Crowdsourcing to Better Understand Migraine

Crowdsourcing For Migraine

The International Headache Society1 offers a comprehensive resource to help physicians reach accurate diagnoses for primary (including migraines) and secondary headaches, as well as cranial neuralgia, facial pain and other headaches. Yet, despite the seemingly exhaustive classification offered by this platform, migraine-associated olfactory, auditory or gustatory hallucinations are not included.

Researchers from Montefiore Headache Center and Albert Einstein College of Medicine presented results from a crowdsourcing study2 at the American Headache Society’s 58th Annual Scientific Meeting3 in San Diego, CA. Scientists argued that despite being common in migraineurs, ‘special sensory experiences’ were rarely screened for in intake questionnaires or epidemiological surveys, and largely overlooked in the scientific literature. They also hypothesized that stigma associated with such experiences may prevent reporting by patients, but that the use of social media for information gathering would be more likely to engage migraineurs.

In an effort to determine whether such events were associated with migraine attacks, researchers reached out to migraineurs through the Daily Migraine4, a consumer-oriented online forum on which followers are asked daily to answer a question relating to migraine symptoms or treatments. Participants were asked to list migraine-associated symptoms elicited by sensory experiences (tastes, sounds and smells) over a period of 3 weeks, 3 times per week.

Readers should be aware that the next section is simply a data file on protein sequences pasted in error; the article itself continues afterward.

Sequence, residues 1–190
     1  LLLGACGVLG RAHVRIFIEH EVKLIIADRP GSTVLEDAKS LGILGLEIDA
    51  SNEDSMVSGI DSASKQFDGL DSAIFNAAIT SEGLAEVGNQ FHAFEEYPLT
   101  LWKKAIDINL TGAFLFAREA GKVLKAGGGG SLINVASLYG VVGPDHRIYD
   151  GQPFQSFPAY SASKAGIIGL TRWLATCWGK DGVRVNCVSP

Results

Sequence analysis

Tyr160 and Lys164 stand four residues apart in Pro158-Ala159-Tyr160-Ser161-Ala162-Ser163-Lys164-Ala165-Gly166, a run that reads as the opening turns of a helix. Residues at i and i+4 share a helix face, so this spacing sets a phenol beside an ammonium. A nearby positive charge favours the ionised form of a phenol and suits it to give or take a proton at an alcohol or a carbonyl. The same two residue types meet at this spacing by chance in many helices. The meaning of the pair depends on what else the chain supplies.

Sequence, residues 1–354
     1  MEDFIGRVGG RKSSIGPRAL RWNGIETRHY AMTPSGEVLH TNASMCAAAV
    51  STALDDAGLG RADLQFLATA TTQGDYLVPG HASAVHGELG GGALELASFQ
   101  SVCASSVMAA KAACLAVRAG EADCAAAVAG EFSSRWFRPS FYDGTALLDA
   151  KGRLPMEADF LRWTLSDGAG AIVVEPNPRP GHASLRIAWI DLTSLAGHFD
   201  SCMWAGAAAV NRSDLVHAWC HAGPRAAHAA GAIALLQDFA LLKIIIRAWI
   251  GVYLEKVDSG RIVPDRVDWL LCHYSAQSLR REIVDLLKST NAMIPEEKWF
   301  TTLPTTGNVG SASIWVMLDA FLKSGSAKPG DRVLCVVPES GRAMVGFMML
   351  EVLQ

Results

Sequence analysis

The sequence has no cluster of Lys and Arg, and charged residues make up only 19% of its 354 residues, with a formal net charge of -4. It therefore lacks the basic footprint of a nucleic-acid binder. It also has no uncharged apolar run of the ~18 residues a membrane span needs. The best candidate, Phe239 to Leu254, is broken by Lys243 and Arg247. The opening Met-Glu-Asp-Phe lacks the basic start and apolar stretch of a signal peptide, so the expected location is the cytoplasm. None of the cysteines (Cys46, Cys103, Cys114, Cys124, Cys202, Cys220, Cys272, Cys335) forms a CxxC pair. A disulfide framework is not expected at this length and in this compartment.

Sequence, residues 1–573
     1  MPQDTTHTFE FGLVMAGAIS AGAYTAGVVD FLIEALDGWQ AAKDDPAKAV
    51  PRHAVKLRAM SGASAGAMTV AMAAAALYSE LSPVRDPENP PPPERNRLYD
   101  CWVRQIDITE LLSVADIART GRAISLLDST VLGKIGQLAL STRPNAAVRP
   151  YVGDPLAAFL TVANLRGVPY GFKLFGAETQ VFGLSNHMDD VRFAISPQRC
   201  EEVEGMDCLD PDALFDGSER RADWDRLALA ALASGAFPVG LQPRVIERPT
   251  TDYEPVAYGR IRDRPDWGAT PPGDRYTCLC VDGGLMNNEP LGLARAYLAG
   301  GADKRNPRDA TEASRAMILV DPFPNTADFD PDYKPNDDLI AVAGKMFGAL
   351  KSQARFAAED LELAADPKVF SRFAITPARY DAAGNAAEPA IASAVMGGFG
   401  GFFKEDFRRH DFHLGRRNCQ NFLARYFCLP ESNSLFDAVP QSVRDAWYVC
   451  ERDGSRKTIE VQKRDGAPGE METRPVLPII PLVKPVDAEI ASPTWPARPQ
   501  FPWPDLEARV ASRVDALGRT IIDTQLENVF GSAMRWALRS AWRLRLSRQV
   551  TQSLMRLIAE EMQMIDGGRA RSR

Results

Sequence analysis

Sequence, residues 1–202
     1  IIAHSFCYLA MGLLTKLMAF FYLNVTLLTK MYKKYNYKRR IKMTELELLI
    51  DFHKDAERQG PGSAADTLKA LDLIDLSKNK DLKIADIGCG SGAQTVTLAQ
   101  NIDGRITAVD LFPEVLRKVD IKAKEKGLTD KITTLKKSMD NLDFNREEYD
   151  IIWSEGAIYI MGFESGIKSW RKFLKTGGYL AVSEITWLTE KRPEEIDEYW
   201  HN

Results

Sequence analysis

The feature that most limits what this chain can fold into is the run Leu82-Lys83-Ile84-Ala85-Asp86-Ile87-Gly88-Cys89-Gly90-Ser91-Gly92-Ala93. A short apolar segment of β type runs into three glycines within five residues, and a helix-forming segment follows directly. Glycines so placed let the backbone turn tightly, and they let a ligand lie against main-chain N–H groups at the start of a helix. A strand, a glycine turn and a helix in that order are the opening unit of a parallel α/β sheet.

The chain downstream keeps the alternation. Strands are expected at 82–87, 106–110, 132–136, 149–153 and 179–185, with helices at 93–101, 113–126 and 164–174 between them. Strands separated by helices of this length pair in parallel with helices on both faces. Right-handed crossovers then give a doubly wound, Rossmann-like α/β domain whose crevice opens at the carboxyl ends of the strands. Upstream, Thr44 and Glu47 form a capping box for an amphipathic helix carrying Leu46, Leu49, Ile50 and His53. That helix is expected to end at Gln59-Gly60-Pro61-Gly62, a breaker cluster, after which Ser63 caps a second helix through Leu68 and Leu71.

A total of 678 responses across 3 social media platforms (Facebook, Instagram and Twitter) were gathered. Olfactory hallucinations were the most commonly reported (n=5310), with a majority of unpleasant smells (64%), including cigarette smoke (12%), animal scents (7%), and cleaning products (6%); pleasant smells were also experienced (20%), with food aromas (17%), perfume (4%), and flora (2%).

Auditory hallucinations (n=5224) mostly consisted of ringing sounds (40%), buzzing (6%), and music (5%). Gustatory hallucinations were the least common (n=5144), with a majority of unpleasant tastes (83%), 12% experiencing blood taste, and 5% food-associated tastes.

The majority of these hallucinations were experienced concomitantly with migraine attacks, and for their whole duration.

Researchers argue that this social media study warrants the need for wider-scale epidemiological surveys as well as modified intake questionnaires including sensory hallucinations. 


1.The International Headache Society

2. Armand CE, Jacobson L, Robbins MS. Abstract PF32. Special sensory experiences in migraine: A social media study. Presented at: 2016 American Headache Society Annual Meeting. June 9-12, 2016; San Diego, CA.

3.The American Headache Society’s 58th Annual Scientific Meeting

4.The Daily Migraine